From the railway arches to the banks of Deptford Creek, this multifaceted south-east London neighbourhood is turning its industrial past on its head with exciting community-centred spaces - you can’t miss Deptford Lounge, the golden-hued public library - independent shops and new builds constantly popping up. But some things remain the same: the giant anchor on the high street giving a firm nod to the area’s naval past; or the tireless bargain hunt every Wednesday, Friday and Saturday at the beloved Deptford High Street Market and Douglas Way.
The unruly post-war landscape reveals a series of residential gems: the well-kept Georgian homes lining the cobbled Albury Street; the Victorian terraces in St John’s conservation area; the smart neighbourhoods of new builds driving ambitious plans for regeneration. Drawn to its youthful, down-to-earth character and fairly affordable prices, commuting professionals benefit from easy journeys into the heart of the city. After all, London Bridge is just one train stop away, while the DLR will take you from Deptford Bridge to Bank in under 25 minutes.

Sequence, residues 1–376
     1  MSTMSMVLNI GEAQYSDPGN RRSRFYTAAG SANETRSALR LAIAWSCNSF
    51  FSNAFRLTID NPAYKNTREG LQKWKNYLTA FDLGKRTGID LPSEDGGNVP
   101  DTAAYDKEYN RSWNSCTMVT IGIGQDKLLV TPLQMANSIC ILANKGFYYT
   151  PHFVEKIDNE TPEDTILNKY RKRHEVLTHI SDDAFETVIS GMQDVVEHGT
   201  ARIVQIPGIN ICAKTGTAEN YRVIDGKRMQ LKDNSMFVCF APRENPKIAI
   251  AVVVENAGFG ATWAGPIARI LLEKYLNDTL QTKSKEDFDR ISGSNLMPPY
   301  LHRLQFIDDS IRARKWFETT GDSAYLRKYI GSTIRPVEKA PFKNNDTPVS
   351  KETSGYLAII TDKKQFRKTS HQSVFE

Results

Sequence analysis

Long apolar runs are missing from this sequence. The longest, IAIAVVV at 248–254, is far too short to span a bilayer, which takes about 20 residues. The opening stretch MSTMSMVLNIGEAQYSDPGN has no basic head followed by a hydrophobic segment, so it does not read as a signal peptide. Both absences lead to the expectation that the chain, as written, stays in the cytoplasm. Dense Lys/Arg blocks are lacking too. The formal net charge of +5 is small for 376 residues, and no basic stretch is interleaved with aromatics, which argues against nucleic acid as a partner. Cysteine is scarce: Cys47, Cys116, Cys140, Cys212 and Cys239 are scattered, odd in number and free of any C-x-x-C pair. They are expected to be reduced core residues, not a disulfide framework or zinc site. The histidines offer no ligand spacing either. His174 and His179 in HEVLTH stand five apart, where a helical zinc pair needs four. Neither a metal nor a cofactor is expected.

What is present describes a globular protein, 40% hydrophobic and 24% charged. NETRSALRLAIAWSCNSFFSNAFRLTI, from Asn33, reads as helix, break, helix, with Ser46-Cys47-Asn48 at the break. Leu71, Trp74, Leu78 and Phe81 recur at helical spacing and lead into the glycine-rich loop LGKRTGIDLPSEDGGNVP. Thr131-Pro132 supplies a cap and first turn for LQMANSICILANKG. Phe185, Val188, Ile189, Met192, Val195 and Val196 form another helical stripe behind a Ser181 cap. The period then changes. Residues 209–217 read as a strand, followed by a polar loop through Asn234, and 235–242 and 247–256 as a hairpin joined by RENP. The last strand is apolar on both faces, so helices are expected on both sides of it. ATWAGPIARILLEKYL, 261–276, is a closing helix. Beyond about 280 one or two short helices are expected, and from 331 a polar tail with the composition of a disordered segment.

Dive into the storied maritime history and creative rebirth of multicultural Deptford right here.
- Deptford Market’s proud history starts in 1872 as a place to buy foreign cattle and sheep.
- Major British bands of the 1970s-80s such as Dire Straits emerged - and played their first gig - in the industrial recesses of Crossfield Estate, a working-class housing estate highly significant to the wider local, artist and LGBTQ+ community.
- The futuristic, RIBA award-winning Laban Dance Centre prides itself on being “the world’s largest purpose-built contemporary dance centre”, according to its website, and a major show-stopper at this regenerated part of Creekside.
- A diverse family of Vietnamese, Afro-Caribbean, Chinese and other communities call Deptford home and contribute to its rich local culture - from the unexpected market treasures to the appetising global dishes.